This way, you'll get much more meaningful feedback. This way, when the time comes to show your product to the world, you know people will love it. While these are important for polishing your product, there is so much more you can learn from talking to your users, such as:. You get to hear how they think and talk about your product and can refine your value prop around that. As you prepare for your launch, start to pepper this language into your product and marketing pages.
Test different versions of your landing page to see what resonates the most. Give your marketing team the same opportunity as your product team to listen to users, soak up that information, iterate, and test.
Launching a new product can be a vulnerable process. But you need to expose yourself to the rawest, most honest, and harsh feedback. So whenever possible, look for the opposite of what you assume. Launching a product is incredibly time-consuming. But these people want to help you. All this feedback can have an unintended consequence: analysis paralysis. But when in doubt, follow the golden rule of product launches: Do less. You might think you need 10 features to launch with, but in all honesty, you probably just need one.
It worked well for us because we knew all of its features and quirks.
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So we stripped it right back to just the core features. Launch with just the essentials and let your users tell you what to build next.
One of the biggest questions I get about how to launch a product is when to launch. The truth is, the perfect launch date is whatever works for you.
Once you have a date picked, stick to it. And whatever platform you pick, you need to play the game on it well before launching. Back in the day, this meant building a relationship with a TechCrunch reporter. Anywhere your ideal customers are is a good place to launch.
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For me and most other startup founders , however, the best option is Product Hunt. Anyone can post their product to Product Hunt. But to get the most out of it, you need to create goodwill and value beforehand. Be a part of the community and actually engage. It takes work, but even a week or month of effort will help you build a name and following for yourself.
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Launch days will inevitably be a scramble. And I strongly recommend getting everything you need ready to go in advance. Make a product launch plan checklist of everything you need a few weeks out from launch day and add it to your product launch plan. Launch days are completely unpredictable. And while it sucks to say it, a lot of your success will come down to luck. That means you should be trying to build awareness, get feedback, and connect with people who will help you move forward and iterate after launch day.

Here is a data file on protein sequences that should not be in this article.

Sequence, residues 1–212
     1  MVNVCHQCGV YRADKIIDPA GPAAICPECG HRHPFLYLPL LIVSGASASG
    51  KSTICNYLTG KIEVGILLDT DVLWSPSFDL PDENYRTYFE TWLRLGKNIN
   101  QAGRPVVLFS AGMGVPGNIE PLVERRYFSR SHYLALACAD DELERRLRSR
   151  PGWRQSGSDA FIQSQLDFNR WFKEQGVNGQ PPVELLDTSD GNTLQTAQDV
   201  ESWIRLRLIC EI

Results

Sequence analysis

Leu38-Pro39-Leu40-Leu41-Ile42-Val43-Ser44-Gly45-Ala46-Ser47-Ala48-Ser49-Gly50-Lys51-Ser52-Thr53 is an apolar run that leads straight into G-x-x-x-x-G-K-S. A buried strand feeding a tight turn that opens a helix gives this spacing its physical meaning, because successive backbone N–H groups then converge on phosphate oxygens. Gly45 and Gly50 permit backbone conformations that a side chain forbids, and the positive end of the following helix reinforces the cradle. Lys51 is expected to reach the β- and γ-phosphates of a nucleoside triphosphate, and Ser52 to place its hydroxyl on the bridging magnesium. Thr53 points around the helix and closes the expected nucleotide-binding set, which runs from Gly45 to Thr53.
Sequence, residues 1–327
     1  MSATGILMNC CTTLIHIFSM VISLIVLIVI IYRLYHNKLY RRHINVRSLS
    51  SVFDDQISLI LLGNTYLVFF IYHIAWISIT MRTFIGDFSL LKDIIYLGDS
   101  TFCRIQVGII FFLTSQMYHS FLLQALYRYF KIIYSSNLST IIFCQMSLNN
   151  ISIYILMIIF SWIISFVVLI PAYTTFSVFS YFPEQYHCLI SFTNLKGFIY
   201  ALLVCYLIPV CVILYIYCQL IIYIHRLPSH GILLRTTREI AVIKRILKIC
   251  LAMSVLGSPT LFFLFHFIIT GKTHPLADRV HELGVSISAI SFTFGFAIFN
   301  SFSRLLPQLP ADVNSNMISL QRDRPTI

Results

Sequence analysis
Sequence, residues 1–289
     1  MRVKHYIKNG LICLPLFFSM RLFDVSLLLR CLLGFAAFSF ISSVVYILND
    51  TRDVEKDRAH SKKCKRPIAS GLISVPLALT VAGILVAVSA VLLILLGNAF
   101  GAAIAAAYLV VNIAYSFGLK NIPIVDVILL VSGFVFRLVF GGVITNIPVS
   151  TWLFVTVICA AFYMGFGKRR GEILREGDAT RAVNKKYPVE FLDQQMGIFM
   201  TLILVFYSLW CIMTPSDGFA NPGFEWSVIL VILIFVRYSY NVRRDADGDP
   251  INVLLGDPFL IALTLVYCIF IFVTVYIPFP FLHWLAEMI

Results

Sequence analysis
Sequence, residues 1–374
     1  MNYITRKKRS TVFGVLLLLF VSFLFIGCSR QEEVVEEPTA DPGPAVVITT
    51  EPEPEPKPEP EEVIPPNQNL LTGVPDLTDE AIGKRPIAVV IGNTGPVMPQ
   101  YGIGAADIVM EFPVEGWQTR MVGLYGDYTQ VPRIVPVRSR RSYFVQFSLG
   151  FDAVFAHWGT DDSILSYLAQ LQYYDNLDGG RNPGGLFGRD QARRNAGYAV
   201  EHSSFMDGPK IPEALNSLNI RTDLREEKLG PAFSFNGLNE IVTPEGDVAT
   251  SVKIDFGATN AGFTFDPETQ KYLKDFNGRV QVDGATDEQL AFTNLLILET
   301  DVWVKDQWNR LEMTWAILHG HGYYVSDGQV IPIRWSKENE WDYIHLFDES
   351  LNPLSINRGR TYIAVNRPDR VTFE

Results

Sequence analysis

Ask yourself what you want to learn about your product. Your early users will give you a hypothesis, and your launch day goal should be to prove or disprove it. Even better—focus on new users that try out your product, use it, and keep using it! Startups and SaaS companies especially are terrible at building hype around their product launches.
The landscape is just too competitive to not have a story connected to your product. Your users need to know who you are. They need to resonate with your journey. Your mission. Your passion. They need to know who you are, and why they should trust you to solve this problem for them.
Start early, define your narrative, and spread it wherever you can before launch day. Blog on your site or Medium. Do interviews and podcasts. Guestpost on sites or in communities. Your launch day is just the beginning of your journey, not the end. This means responding to comments, supporting new users, helping people sign up or get setup, giving sales and marketing all the tools and resources they need, having a process for collecting feedback and tracking feature requests. Be ready to answer emails or turn on live chat on your landing page if you have it.
This is your chance to get in front of a lot of people all at once. Engage in as many meaningful conversations with qualified prospects as possible. If you want your launch day to go smoothly, you need to bring your entire team together and lead them into battle. If you followed my pre-launch advice and are launching on Product Hunt, there are a few specific strategies you should follow to maximize your chances of success. These are just the basics as there are full guides dedicated to launching on Product Hunt even one from the team themselves.
First, write your announcement comment beforehand.
This is where you explain the product, talk about use cases, and share the journey of why you built it and what you want to learn. End the comment by soliciting feedback from your audience. Next, monitor your page throughout the day and answer comments quickly. They expect you to be around and answer questions throughout the day.
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Finally, keep track of sign-ups and follow up with them. The Product Hunt community will support you long after your launch day. If you keep them updated. Shortly after your launch day, send everyone an email with a recap of what happened, what you learned, and then ask for continued help guiding your product roadmap. Instead, you want to show people the value your product creates. Not just tell them. Social media helps you show your product.
Social proof is one of the most powerful tools marketers and product makers have. And the more people you can get talking about your launch, the better. Every platform and network you share your launch on is a potential place to get feedback. Popped a bottle. And kicked your feet up.
Not a chance.